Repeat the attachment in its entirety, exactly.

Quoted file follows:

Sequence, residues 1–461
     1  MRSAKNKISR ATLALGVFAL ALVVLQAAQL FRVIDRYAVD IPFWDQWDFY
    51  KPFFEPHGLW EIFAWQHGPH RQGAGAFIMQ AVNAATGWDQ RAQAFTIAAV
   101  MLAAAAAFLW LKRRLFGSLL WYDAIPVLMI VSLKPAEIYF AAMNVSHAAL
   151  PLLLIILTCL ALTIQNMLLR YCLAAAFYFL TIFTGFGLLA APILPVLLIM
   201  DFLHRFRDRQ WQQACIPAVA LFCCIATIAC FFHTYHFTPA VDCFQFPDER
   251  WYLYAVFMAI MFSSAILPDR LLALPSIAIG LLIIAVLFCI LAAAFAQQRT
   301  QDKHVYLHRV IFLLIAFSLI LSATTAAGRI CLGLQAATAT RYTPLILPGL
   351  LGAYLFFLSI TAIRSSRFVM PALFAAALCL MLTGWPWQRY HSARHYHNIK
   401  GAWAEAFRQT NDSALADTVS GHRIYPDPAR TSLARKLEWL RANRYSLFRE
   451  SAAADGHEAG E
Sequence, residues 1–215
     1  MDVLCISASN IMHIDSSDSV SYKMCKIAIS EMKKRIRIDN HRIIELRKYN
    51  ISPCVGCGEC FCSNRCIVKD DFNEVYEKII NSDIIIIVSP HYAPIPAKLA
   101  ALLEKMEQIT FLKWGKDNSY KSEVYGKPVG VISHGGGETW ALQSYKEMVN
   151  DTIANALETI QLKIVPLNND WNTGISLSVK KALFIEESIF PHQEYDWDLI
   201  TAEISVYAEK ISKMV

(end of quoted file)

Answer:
Sequence, residues 1–461
     1  MRSAKNKISR ATLALGVFAL ALVVLQAAQL FRVIDRYAVD IPFWDQWDFY
    51  KPFFEPHGLW EIFAWQHGPH RQGAGAFIMQ AVNAATGWDQ RAQAFTIAAV
   101  MLAAAAAFLW LKRRLFGSLL WYDAIPVLMI VSLKPAEIYF AAMNVSHAAL
   151  PLLLIILTCL ALTIQNMLLR YCLAAAFYFL TIFTGFGLLA APILPVLLIM
   201  DFLHRFRDRQ WQQACIPAVA LFCCIATIAC FFHTYHFTPA VDCFQFPDER
   251  WYLYAVFMAI MFSSAILPDR LLALPSIAIG LLIIAVLFCI LAAAFAQQRT
   301  QDKHVYLHRV IFLLIAFSLI LSATTAAGRI CLGLQAATAT RYTPLILPGL
   351  LGAYLFFLSI TAIRSSRFVM PALFAAALCL MLTGWPWQRY HSARHYHNIK
   401  GAWAEAFRQT NDSALADTVS GHRIYPDPAR TSLARKLEWL RANRYSLFRE
   451  SAAADGHEAG E
Sequence, residues 1–215
     1  MDVLCISASN IMHIDSSDSV SYKMCKIAIS EMKKRIRIDN HRIIELRKYN
    51  ISPCVGCGEC FCSNRCIVKD DFNEVYEKII NSDIIIIVSP HYAPIPAKLA
   101  ALLEKMEQIT FLKWGKDNSY KSEVYGKPVG VISHGGGETW ALQSYKEMVN
   151  DTIANALETI QLKIVPLNND WNTGISLSVK KALFIEESIF PHQEYDWDLI
   201  TAEISVYAEK ISKMV